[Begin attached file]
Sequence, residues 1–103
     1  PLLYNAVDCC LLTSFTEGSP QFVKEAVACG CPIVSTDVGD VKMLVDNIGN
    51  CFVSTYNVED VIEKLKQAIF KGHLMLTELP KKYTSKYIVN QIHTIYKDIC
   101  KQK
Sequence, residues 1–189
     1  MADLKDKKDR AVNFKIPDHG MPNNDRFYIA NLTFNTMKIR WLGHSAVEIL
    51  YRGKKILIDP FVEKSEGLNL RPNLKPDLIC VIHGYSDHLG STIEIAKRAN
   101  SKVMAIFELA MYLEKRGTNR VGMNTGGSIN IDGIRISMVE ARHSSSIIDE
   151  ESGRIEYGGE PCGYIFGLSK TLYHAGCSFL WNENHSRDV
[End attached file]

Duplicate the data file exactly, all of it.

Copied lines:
Sequence, residues 1–103
     1  PLLYNAVDCC LLTSFTEGSP QFVKEAVACG CPIVSTDVGD VKMLVDNIGN
    51  CFVSTYNVED VIEKLKQAIF KGHLMLTELP KKYTSKYIVN QIHTIYKDIC
   101  KQK
Sequence, residues 1–189
     1  MADLKDKKDR AVNFKIPDHG MPNNDRFYIA NLTFNTMKIR WLGHSAVEIL
    51  YRGKKILIDP FVEKSEGLNL RPNLKPDLIC VIHGYSDHLG STIEIAKRAN
   101  SKVMAIFELA MYLEKRGTNR VGMNTGGSIN IDGIRISMVE ARHSSSIIDE
   151  ESGRIEYGGE PCGYIFGLSK TLYHAGCSFL WNENHSRDV